Moreland, J.P, Stephen C. Meyer, Christopher Shaw, Ann K. Gauger, and Wayne Grudem, eds. Theistic Evolution: a Scientific, Philosophical, and Theological Critique. Wheaton, IL: Crossway, 2017.

Peterson, Jordan B., Norman Doidge, and Ethan Van Sciver. 12 Rules for Life: an Antidote to Chaos. London: Allen Lane, 2018.

Plantinga, Alvin. God, Freedom, and Evil. Grand Rapids, MI: William B. Eerdmans, 2008.

“Sexually Transmitted Infections (STIs).” World Health Organization. World Health Organization, June 14, 2019. https://www.who.int/news-room/fact-sheets/detail/sexually-transmitted-infections-(stis).

Wright, N. T. Evil and the Justice of God. Westmont, IL: InterVarsity Press, 2014.

Footnotes:

[1] John S. Feinberg, “The Many Faces of Evil,” Lifeway (Liberty University, 2018), https://www.lifeway.com/en/product/the-many-faces-of-evil-P001243768, 191.

[2] Stanley Grenz, David Guretzki, and Cherith Fee Nordling, Pocket Dictionary of Theological Terms (Downers Grove, IL: InterVarsity Press, 1999), 48.

[3] John Feinberg, The Many Faces, 192.

[4] Dempsey Rosales Acosta and Douglas Mangum, “Good and Evil, Ancient Conceptions of,” ed. John D. Barry et al., The Lexham Bible Dictionary (Bellingham, WA: Lexham Press, 2016).

[5] J.P Moreland et al., eds., Theistic Evolution: a Scientific, Philosophical, and Theological Critique (Wheaton, IL: Crossway, 2017), 689.  

[6] “1918 Pandemic (H1N1 Virus),” Centers for Disease Control and Prevention (Centers for Disease Control and Prevention, March 20, 2019), https://www.cdc.gov/flu/pandemic-resources/1918-pandemic-h1n1.html.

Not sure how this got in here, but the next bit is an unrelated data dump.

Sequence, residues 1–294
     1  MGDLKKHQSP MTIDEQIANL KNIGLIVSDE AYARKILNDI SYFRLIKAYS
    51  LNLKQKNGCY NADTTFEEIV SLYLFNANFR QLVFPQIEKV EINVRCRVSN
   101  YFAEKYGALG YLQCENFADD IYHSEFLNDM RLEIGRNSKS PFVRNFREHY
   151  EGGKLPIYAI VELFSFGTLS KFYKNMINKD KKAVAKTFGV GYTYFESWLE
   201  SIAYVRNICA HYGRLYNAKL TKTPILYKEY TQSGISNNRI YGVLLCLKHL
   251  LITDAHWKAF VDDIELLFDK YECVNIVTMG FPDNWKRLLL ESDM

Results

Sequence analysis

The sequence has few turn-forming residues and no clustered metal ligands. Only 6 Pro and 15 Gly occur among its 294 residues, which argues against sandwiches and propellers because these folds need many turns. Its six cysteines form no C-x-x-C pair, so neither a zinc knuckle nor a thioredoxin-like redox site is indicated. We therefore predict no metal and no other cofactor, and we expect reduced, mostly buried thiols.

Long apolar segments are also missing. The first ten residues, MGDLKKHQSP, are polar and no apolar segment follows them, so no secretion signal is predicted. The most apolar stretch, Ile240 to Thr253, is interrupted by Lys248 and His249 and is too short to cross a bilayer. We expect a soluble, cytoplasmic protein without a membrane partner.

[7] “Ecology and Transmission,” Centers for Disease Control and Prevention (Centers for Disease Control and Prevention, July 31, 2019), https://www.cdc.gov/plague/transmission/index.html.

[8] N. T. Wright, Evil and the Justice of God (Westmont, IL: InterVarsity Press, 2014), 44.

[9] Unless otherwise noted, all scripture is taken from The Holy Bible: English Standard Version.

[10] G. E. Moore, “The Nature of Judgment,” Mind 8, no. 30 (1899): pp. 176-193, http://www.jstor.org/stable/2247657.

[11] C. S. Lewis, Letters to Malcolm, Chiefly on Prayer, 1st ed. (San Francisco, CA: HarperOne, 2017), 288. .

[12] “Sexually Transmitted Infections (STIs),” World Health Organization (World Health Organization, June 14, 2019), https://www.who.int/news-room/fact-sheets/detail/sexually-transmitted-infections-(stis).

[13] Helene M. Calvet, “Sexually Transmitted Diseases Other than Human Immunodeficiency Virus Infection in Older Adults,” Clinical Infectious Diseases 36, no. 5 (2003): pp. 609-614, https://doi.org/10.1086/367892.

[14] Norman L. Geisler, “Evil, Problem Of,” Baker Encyclopedia of Christian Apologetics, Baker Reference Library (Grand Rapids, MI: Baker Books, 1999), 219.

[15] C. S. Lewis, Letters to Malcolm, 323.

[16] Ibid, 287.

[17] C. S. Lewis, Letters to Malcolm, 293.

[18] Ibid, 321.

[19] Alvin Plantinga, God, Freedom and Evil (Grand Rapids, MI: William B. Eerdmans, 2008), 29.

[20] Jordan B. Peterson, Norman Doidge, and Ethan Van Sciver, 12 Rules for Life: an Antidote to Chaos (London: Allen Lane, 2018), 56.